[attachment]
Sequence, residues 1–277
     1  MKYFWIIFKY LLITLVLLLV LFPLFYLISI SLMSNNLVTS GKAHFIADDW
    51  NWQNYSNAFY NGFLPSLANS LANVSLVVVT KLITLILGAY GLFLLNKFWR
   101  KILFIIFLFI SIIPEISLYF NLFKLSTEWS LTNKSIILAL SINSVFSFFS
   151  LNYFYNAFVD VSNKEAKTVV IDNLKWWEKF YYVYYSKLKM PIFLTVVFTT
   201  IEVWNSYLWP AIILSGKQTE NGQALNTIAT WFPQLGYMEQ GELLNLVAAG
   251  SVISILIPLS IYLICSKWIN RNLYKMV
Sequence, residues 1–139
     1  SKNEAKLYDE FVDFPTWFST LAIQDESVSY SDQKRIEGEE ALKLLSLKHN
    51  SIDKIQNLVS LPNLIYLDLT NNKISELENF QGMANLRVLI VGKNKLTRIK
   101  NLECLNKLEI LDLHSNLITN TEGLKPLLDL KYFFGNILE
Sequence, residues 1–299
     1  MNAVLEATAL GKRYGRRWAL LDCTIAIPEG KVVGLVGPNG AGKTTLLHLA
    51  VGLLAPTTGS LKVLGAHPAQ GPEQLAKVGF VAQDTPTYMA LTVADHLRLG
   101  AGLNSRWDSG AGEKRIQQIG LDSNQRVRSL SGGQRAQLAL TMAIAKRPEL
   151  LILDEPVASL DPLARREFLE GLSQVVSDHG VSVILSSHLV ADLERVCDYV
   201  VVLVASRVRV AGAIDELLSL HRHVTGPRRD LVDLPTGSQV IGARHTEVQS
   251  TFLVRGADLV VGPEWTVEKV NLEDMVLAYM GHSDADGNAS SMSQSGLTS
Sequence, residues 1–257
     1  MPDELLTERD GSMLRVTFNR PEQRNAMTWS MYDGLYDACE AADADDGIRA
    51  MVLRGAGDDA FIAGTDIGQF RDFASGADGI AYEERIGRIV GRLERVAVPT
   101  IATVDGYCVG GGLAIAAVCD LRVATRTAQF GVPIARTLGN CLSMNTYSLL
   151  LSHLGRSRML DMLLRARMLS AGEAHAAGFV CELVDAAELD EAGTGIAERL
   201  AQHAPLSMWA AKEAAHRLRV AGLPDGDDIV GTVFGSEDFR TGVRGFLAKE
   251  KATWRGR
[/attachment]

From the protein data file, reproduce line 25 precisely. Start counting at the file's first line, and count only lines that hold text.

   251  KATWRGR